Puppy Bug Bites Treatment

Treating Dog for Ant, Spider, Tick and Flea Bites, Bee, Scorpion and Wasp Stings

A soothing cool water soak can stop the itches from bug bites and stings. Koichi Kamoshida/Getty Images

When my silly fun-loving German shepherd pup Magic transformed into a whimpering swollen fur-kid I knew he’d need first aid and bug bites treatment for an insect sting. Here in North Texas, we have plenty of ticks, fleas, fire ants, spiders, mosquitos, wasps and bees — and even a few scorpions. Any of these could have caused Magic’s eyes to swell shut and his muzzle to inflate like a hippopotamus.

Hives made fur stand off his body in a checkerboard pattern that made him itch and scratch for days.

Stinging Targets

Fur offers protection for most puppies. But paw pads and sparsely furred tummies are at risk especially in areas that host fire ants. Your pup may flop down to rest in the grass and get stung multiple times by these tiny creatures, leaving blisters that easily become infected.

Puppies won’t know any better than to chase and try to play with bees, wasps, spiders or scorpions. Nose pokes or biting these bugs can result in stings on the face, head or even inside the mouth. Most spiders and scorpion stings hurt like crazy but only cause painful swelling at the site and can be treated like bee and wasp stings.

First Aid for Common Stings

  • Bites and stings beneath the fur may be hard to see or treat, but first-aid usually is all that’s needed to relieve any minor swelling, itching or redness.
  • Bees leave behind the stinger, which may continue to pump venom into the skin. Use a credit card or similar rigid tool to scrape it free.
  • A cold pack or compress applied to the bite helps reduce the swelling. A bag of frozen peas or corn works well, and molds against the puppy’s body.
  • A baking soda and water paste works great to soothe the sting, but it can be messy when applied to fur so use only on exposed tummies.
  • Ammonia cools the pain of fire ant bites. Moisten a cotton ball and dab on the stings. Calamine lotion also soothes ant bites.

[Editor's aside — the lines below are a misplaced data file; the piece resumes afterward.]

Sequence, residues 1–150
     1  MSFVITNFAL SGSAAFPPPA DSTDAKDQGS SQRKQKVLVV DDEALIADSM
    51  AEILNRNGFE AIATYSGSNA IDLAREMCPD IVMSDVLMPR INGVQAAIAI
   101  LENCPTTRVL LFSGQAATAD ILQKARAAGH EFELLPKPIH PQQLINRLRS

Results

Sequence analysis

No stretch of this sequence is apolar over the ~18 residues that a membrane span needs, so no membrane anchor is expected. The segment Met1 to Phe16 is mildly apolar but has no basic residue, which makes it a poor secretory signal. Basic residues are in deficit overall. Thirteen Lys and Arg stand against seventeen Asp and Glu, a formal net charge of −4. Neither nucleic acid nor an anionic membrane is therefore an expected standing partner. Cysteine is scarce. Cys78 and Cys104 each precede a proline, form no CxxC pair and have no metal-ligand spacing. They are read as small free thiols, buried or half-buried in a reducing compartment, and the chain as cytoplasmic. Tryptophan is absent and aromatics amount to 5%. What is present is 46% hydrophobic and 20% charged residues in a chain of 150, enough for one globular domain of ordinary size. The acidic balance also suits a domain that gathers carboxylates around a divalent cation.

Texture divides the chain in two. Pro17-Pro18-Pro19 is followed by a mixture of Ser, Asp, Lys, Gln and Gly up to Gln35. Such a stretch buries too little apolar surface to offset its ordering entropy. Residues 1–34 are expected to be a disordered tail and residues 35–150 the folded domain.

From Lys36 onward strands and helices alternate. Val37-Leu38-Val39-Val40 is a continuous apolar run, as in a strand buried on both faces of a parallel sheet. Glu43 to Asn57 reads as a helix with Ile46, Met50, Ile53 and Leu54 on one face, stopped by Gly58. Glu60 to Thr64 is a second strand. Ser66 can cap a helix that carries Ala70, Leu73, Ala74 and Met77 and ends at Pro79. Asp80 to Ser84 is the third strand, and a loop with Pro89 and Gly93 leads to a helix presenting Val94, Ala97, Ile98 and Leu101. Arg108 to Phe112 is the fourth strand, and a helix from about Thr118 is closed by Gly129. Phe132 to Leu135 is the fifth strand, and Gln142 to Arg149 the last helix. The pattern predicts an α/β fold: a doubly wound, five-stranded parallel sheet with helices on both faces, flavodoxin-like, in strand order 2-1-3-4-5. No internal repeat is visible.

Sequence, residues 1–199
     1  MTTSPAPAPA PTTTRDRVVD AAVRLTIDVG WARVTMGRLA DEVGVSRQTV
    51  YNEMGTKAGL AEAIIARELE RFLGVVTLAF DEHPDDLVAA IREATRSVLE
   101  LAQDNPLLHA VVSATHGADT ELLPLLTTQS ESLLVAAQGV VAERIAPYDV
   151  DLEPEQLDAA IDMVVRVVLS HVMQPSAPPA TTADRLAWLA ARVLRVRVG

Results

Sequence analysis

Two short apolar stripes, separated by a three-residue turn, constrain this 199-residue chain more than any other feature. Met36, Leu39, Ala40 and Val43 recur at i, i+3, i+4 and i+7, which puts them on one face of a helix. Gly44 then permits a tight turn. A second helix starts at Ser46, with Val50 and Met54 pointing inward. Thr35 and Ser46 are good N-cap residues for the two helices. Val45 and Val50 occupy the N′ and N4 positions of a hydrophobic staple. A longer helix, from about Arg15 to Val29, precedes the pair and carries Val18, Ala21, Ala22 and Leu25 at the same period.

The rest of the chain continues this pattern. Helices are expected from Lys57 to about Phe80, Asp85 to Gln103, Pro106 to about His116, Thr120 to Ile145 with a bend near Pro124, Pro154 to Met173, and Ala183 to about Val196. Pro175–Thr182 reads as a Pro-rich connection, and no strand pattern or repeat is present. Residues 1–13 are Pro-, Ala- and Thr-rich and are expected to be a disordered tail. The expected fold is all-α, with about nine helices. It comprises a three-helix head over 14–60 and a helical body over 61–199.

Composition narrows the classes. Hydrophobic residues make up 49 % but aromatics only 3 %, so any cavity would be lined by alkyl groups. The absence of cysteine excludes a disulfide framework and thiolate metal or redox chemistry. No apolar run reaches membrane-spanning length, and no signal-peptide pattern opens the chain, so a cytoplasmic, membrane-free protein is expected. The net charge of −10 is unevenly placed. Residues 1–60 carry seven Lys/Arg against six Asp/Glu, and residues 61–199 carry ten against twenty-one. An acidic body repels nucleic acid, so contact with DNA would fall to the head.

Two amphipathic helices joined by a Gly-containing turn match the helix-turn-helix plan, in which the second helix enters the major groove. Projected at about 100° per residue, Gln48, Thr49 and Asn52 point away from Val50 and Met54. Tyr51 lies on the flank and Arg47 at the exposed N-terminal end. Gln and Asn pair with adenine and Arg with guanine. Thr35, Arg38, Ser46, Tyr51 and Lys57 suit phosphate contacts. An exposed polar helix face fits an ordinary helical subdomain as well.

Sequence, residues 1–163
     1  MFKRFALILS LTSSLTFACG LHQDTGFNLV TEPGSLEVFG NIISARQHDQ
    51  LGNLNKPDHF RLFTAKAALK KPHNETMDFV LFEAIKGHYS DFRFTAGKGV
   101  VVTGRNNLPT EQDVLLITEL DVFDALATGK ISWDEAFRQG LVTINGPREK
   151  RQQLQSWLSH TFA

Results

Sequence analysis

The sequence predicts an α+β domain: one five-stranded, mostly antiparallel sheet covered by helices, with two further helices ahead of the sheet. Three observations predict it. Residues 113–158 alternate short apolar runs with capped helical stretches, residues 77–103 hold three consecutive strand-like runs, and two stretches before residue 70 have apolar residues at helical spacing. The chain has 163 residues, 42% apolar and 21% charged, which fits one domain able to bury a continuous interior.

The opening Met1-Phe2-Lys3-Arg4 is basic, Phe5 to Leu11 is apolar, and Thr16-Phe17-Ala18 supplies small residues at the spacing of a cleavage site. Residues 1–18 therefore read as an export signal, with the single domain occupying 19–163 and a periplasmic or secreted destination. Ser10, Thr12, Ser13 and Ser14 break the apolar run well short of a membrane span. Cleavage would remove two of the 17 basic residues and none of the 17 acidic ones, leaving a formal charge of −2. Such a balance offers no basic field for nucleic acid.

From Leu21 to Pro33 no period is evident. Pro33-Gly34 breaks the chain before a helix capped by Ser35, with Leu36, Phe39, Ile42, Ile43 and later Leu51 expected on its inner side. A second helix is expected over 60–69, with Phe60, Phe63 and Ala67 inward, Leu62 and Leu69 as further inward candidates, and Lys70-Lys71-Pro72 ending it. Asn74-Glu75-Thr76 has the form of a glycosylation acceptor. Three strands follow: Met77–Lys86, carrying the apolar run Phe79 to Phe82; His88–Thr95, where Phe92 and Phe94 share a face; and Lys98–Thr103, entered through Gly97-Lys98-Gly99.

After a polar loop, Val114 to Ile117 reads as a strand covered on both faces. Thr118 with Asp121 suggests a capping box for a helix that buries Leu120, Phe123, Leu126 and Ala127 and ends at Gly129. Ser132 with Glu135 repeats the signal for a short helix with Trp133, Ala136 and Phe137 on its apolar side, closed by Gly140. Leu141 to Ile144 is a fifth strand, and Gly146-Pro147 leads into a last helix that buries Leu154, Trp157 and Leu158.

• For stings inside the mouth, offer ice cubes or ice water for the pet to lick and drink.
  • You can also mix a teaspoonful of baking soda into a pint of water, and squirt the solution into his mouth with a turkey baster or squirt gun if he’ll allow you to do this.
  • Benadryl, an antihistamine, counters swelling and itching. A safe dose is one milligram for every pound your pet weighs or a Benadryl ointment can be used directly on the sting.
  • Hives usually go away on their own after a day or so, and sooner if treated with an antihistamine. Benadryl also causes drowsiness as a side effect so an affected pup may sleep through the worst of the symptoms.

As long as your pup continues to breathe with no problem, a veterinary visit may not be necessary even if the face swells quite a bit. Magic cried and whined nonstop — it was heartbreaking! — but his eye swelling and itchy hives quickly went away after the first dose of Benadryl. The medicine also lets him sleep through the night, and the next morning his face looked like a German shepherd again.

Dangerous Reactions

Most pups won’t have problems with one sting or two.

But a percentage of puppies like Magic suffer severe allergic reactions when stung or bitten by otherwise harmless insects. A single sting can prompt the pet’s muzzle to swell to cantaloupe proportions.

An anaphylactic reaction usually happens suddenly within twenty minutes of the sting. This causes the puppy’s face, throat, and airways to swell so much he can’t breathe and can die. Anaphylactic shock requires immediate veterinary treatment.

There also are several dangerous spiders and scorpions and your pup will require immediate emergency care from your vet if stung by them. Watch for these signs alone or in combination:

If you hear “gurgling” as your puppy breathes, pick up a small pup by the hind legs or a larger pet around the hips.

Hold upside down for 10 seconds to help drain fluid from the lungs. Then wrap him in a blanket to keep him warm on the trip to the vet, and seek emergency care immediately.